Ryanair said it flew 11% more passengers in August than in the same month last year – its latest all-time traffic record in what is typically its busiest month.
Europe’s largest airline by passenger volume said it flew 18.9 million passengers in August, up from 16.9 million a year earlier and up from 14.9 million in August 2019, before the Covid-19 pandemic hit.
It achieved its previous record, 18.7 million passengers, in July.
The airline said its load factor – how many seats it fills on each flight – was unchanged at 96% in August.
The airline has said it expects traffic in the financial year to March 2024 to grow by 9%, to around 183.5 million passengers.
Ryanair said today that around 63,000 of its passengers saw their flights cancelled during last week’s air traffic control failure which caused widespread disruption across the industry and left thousands of passengers stranded.
In its August traffic update, the carrier said more than 350 of its flights were cancelled on August 28 and 29 due to the air traffic control (ATC) issue.
More than a quarter of all flights to and from UK airports were cancelled on Monday August 28 as National Air Traffic Services (Nats) were unable to process flight plans automatically.
The knock-on effect continued for two more days and is said to have wrecked the travel plans of around a quarter of a million people.
Ryanair said the ATC failure “has still not been explained”.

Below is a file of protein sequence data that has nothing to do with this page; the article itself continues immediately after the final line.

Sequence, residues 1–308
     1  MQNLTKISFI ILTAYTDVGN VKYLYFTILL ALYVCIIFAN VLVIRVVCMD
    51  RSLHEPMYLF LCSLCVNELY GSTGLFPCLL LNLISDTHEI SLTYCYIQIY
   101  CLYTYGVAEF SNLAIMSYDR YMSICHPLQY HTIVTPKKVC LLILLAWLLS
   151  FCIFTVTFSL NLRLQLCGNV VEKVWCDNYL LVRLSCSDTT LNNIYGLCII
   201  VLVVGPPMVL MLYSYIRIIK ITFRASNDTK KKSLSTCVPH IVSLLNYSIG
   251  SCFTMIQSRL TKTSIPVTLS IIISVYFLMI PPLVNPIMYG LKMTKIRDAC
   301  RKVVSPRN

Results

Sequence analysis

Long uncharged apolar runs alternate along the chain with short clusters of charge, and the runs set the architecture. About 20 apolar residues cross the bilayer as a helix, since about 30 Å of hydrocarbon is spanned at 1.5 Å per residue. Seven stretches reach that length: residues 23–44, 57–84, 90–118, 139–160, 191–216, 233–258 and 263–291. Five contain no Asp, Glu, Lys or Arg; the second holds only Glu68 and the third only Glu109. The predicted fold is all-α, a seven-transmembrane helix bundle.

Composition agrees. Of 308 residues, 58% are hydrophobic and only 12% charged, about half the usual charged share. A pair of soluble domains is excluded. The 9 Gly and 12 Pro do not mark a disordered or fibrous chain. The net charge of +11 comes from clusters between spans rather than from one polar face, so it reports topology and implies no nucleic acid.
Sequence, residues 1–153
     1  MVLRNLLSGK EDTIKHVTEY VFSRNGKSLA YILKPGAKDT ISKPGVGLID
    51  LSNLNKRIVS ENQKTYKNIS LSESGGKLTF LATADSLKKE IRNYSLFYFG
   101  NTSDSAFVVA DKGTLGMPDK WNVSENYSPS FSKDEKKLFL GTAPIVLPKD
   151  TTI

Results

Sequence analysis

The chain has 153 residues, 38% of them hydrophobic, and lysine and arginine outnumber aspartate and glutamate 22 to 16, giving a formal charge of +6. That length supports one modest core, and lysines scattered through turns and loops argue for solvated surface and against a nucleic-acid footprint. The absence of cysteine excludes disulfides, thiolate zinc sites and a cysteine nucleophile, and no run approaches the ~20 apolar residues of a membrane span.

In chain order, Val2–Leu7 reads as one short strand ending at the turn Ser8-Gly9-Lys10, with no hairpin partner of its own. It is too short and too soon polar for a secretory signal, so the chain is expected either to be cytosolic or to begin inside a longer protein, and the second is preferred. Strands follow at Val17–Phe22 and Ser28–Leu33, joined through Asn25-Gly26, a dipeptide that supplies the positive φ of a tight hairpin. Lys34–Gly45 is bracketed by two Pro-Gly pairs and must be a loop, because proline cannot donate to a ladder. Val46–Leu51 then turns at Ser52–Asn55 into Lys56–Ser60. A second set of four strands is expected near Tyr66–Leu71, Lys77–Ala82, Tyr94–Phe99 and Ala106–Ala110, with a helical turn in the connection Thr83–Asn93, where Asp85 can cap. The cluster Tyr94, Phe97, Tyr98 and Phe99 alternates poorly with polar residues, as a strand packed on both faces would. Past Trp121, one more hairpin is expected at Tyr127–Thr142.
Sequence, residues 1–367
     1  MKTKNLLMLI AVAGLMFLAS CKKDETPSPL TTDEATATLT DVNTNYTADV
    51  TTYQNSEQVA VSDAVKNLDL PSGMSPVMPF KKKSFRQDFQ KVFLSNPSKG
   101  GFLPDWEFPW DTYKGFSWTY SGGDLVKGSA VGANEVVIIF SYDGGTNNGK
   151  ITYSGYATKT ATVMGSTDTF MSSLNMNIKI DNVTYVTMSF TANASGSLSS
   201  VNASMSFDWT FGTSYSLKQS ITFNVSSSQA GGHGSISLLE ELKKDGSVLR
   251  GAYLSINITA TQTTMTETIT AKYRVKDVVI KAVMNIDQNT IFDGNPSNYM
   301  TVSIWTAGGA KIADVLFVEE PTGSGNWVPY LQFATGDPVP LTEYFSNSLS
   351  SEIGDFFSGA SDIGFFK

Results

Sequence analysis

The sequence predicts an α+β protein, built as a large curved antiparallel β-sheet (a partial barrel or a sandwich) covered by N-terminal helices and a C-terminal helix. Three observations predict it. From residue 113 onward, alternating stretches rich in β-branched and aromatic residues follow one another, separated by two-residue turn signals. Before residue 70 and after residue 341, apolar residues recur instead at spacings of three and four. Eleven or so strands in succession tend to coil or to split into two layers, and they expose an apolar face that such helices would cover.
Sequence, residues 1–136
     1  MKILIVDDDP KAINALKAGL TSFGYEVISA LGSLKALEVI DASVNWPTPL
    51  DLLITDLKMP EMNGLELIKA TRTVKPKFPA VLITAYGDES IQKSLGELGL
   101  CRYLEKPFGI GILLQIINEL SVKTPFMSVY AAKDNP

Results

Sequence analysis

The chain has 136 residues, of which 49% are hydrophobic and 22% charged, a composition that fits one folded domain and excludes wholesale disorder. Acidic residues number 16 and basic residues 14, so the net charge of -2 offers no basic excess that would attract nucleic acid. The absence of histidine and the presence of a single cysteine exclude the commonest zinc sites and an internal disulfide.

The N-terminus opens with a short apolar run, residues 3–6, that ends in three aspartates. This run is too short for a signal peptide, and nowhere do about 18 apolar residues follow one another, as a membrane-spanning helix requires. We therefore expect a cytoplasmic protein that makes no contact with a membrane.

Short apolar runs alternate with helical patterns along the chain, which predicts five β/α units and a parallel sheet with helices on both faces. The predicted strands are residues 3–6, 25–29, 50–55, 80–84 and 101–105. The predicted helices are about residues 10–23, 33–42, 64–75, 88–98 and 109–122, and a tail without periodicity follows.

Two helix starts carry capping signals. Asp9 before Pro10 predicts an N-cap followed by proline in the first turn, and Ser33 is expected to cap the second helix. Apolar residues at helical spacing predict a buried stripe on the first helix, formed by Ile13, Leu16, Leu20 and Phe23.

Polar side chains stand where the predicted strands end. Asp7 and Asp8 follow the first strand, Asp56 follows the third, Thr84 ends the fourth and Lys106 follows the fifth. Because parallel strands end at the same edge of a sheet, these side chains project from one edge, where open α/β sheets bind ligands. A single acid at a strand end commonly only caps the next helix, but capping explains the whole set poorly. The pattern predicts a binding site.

Airlines have been infuriated by the incident, which came at one of the worst times of the year, with little spare capacity across the sector due to it being the end of the summer break for many schools.
The boss of rival easyJet, Johan Lundgren, last week demanded a “full independent review” is launched into the failure and said it “must not happen again”.
Nats has said an “unusual piece of data” it received forced it to switch to manual checks.
UK Transport Secretary Mark Harper met Nats, the Civil Aviation Authority, Border Force, airlines, airports and trade groups on Friday last week to discuss the situation.
Nats is carrying out an inquiry into what happened and will send a preliminary report to Mr Harper on Monday.
The minister said after the meeting last Friday that airlines reported “most customers” affected by the chaos have now reached their destinations.
But thousands of holidaymakers were left stranded overseas as many flights from popular destinations were full.
Analysts at Citi reiterated a “buy” rating for the airline in a note following the release of the passenger data.
It said it sees the airline as a market share consolidator in Western Europe, with growth potential in Eastern Europe.